Kenneth Gautreaux | 3/9/2009 6:51:18 PM
BATON ROUGE – Fred Bolding has spent nearly his entire adult life farming the fertile bottomlands and ridges in West Carroll Parish. And he does it quite well. So well, in fact, he was named the 2009 Louisiana Farmer of the Year.
Bolding farms 1,500 acres just outside the town of Oak Grove. His primary crop is soybeans, but he also grows milo and wheat. When Bolding started his farming operation more than 40 years ago, he focused his efforts on soybeans which went against the advice of his county agent.
“I decided early on I didn’t want to be a cotton farmer, didn’t want to be rice farmer, I wanted to be a soybean farmer,” Bolding said. “My county agent said I couldn’t make a living just growing soybeans. I had to grow cotton or rice to make a living on. I told him, ‘I’m going to show you. I’m growing soybeans as a first hand crop, and I’m going to be successful at it.’”
Bolding was one of four finalists recognized for their accomplishments at the Louisiana Farmer of the Year Banquet held at Chef John Folse’s White Oak Plantation in Baton Rouge March 6. The annual banquet is sponsored by Louisiana Agri-News Network Inc., the Louisiana Farm Bureau Federation, the LSU AgCenter and the Louisiana Department of Agriculture and Forestry. Other finalists recognized were Mike Smith of Winnfield and Angie and Scott Tyler of Dubach.
Bolding planted his first crop in 1966. Through his experience, he has learned that a good crop rotation can yield big dividends to his bottom line. By rotating milo with his soybeans, he has reduced the effect of diseases and pests on his crop.
“We plant milo on 200 or 300 hundred acres every year to get rid of the nematodes and diseases in the soybeans to keep our yields up,” Bolding said. “When I switch fields the first year after milo, I’ve seen a 10-bushel increase almost every year.”
Bolding, 74, is showing no signs of slowing down. He farms alongside his son, Roger, and one day plans to turn the operation over to his son. But right now, he is having too much fun, and he still finds the daily challenges of farming invigorating
“I love it. It’s in my blood,” Bolding said. “At my age, if you don’t stay active, you are going to go downhill fast. In fact, my son tells me that’s what keeps me alive. I’ve got something to do and think about everyday.”
The town of Oak Grove is becoming the focal point of farming in Louisiana. Bolding is the third farmer from the area to be selected Farmer of the Year. Previous winners were Ralph Oldham and Vendal Fairchild.
Smith farms nearly 2,200 acres in Winn and Natchitoches parishes. His two primary agricultural interests are a registered Hereford cattle business and the management of nearly 800 acres of forestland. He also is involved with a car dealership in the town of Winnfield.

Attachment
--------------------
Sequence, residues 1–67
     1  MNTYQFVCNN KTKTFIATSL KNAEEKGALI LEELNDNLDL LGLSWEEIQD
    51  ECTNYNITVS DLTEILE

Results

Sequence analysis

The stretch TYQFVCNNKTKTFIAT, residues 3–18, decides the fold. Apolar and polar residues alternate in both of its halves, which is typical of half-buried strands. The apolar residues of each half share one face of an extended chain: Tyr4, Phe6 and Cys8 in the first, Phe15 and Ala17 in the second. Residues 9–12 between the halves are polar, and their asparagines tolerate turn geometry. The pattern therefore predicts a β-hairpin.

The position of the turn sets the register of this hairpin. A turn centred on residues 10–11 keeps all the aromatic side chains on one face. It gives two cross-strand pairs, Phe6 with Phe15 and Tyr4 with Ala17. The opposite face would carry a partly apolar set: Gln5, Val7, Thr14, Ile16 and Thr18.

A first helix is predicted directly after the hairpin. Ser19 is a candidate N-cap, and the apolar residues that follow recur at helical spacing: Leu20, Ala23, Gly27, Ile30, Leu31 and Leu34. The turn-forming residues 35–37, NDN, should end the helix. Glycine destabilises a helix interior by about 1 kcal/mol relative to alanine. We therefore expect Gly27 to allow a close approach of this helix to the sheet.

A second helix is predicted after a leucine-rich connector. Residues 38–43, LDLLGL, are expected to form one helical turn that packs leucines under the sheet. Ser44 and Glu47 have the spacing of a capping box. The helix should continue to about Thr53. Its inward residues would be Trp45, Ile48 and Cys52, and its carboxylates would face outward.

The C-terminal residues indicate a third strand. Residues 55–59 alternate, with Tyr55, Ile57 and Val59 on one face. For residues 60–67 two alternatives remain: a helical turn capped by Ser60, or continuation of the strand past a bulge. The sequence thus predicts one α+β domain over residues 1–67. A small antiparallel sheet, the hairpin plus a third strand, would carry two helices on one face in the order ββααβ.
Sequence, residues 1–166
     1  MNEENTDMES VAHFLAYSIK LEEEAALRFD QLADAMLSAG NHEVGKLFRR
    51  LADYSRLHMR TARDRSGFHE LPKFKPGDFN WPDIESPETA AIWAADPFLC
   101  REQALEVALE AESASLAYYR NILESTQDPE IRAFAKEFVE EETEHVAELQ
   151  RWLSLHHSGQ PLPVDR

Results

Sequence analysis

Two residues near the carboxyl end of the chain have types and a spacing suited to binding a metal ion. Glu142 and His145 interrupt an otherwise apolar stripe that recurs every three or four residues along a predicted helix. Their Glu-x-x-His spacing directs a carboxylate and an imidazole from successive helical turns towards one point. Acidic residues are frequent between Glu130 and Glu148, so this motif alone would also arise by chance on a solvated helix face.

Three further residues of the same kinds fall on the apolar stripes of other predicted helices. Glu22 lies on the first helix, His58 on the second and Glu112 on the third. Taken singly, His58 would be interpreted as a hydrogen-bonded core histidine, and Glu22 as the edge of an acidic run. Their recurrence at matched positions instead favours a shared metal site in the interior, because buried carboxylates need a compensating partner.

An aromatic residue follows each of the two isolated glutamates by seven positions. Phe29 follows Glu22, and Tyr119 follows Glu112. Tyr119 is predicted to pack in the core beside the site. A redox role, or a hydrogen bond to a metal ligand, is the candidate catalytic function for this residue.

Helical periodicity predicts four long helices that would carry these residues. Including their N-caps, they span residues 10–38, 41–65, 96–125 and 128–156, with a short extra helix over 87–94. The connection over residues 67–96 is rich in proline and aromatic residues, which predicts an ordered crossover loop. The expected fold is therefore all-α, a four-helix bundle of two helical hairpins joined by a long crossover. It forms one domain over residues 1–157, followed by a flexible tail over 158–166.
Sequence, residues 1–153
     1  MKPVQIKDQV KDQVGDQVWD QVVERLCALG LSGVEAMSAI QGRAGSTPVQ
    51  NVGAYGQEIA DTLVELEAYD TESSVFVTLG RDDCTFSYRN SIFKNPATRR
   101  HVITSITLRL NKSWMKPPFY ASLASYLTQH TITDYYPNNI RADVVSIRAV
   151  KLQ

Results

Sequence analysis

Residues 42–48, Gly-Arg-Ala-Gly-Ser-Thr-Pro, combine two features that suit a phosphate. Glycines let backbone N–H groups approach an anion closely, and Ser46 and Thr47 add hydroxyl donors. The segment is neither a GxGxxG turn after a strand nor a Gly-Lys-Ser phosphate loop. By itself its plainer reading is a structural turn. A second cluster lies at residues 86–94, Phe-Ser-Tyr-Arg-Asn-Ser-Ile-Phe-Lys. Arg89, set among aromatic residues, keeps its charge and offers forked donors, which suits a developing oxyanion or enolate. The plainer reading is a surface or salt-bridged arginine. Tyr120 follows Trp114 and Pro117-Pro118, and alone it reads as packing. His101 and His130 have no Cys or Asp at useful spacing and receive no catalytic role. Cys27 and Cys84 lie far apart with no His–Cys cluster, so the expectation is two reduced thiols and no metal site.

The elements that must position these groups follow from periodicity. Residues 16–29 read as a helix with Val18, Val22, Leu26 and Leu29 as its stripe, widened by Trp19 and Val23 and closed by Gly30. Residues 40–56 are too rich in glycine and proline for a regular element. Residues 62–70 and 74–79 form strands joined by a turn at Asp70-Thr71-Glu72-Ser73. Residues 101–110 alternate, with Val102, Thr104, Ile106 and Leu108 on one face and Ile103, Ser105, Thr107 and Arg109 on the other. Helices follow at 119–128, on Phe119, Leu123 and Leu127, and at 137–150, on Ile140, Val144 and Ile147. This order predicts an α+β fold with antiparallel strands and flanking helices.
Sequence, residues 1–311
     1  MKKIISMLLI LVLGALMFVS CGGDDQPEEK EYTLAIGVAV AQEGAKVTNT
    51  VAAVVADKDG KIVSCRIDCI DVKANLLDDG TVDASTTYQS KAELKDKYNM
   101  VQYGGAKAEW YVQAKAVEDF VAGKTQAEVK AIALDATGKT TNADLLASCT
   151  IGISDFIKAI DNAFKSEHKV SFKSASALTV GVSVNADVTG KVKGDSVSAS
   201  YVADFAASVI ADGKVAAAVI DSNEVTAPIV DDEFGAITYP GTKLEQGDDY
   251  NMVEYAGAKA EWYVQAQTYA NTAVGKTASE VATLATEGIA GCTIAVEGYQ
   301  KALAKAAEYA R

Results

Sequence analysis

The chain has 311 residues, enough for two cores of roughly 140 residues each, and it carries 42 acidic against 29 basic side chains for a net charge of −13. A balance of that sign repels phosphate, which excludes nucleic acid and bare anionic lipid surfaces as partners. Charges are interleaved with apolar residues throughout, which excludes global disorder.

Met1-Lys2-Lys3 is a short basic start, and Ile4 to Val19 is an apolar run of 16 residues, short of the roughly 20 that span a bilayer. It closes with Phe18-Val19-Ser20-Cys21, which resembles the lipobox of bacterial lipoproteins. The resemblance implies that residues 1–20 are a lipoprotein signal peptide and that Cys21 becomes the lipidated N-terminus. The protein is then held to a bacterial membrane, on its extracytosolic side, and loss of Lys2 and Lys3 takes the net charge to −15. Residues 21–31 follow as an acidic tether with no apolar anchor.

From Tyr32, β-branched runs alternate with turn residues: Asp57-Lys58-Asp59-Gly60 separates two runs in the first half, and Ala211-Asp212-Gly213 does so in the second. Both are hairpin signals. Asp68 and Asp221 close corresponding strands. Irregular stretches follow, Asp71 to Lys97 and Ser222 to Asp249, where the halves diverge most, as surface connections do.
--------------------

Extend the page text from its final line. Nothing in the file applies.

“I guess as long as we’re living, we’re going to have an old cow out there to look at, a tree to go out and sit under. I fell truly blessed to grow up in this area. It’s been a great opportunity for me,” Smith said.
As a way to give back to a community that provided him with so much, Smith was elected state senator for 12 years. Even though he was involved in politics and is still engaged with his car dealership, Smith is a farmer at heart.
“I love to fool with cattle, and I love forestry. I’m really a conservationist at heart, and I think any farmer is,” Smith said. “You love the soil, and you love the land. There’s nothing prettier than a young growth of first-thinned pine, and there’s nothing prettier than a baby calf.”
Angie and Scott Tyler have been involved in the poultry business for 18 years, the last 10 in Louisiana. For more than nine weeks, the Tylers are the sole caretakers of nearly 150,000 baby chicks. And after those chicks grow up and leave the “nest,” what happens with the Tylers? They become parents again, and the process is repeated again and again.
“As long as we can manage it ourselves, that’s the way it’s going to be. Now there are times it works on us, no doubt about it. There are times we wish we could have help. But this seems to work well for us,” Scott Tyler said.
The Tylers produce nearly six million pounds of poultry per year and their own diesel fuel for use in their farm equipment. One of the keys in making this husband-and-wife operation a success is the same component that makes their marriage work.
“Yes it’s hard work. Marriage is hard work. So when we’re together as much as we are, we have to communicate. You can’t read each others’ minds. We have to communicate with each other.” Angie Tyler said.
For being selected Farmer of the Year, Bolding receives $1,000. For being named finalists, Smith and the Tylers receive $500.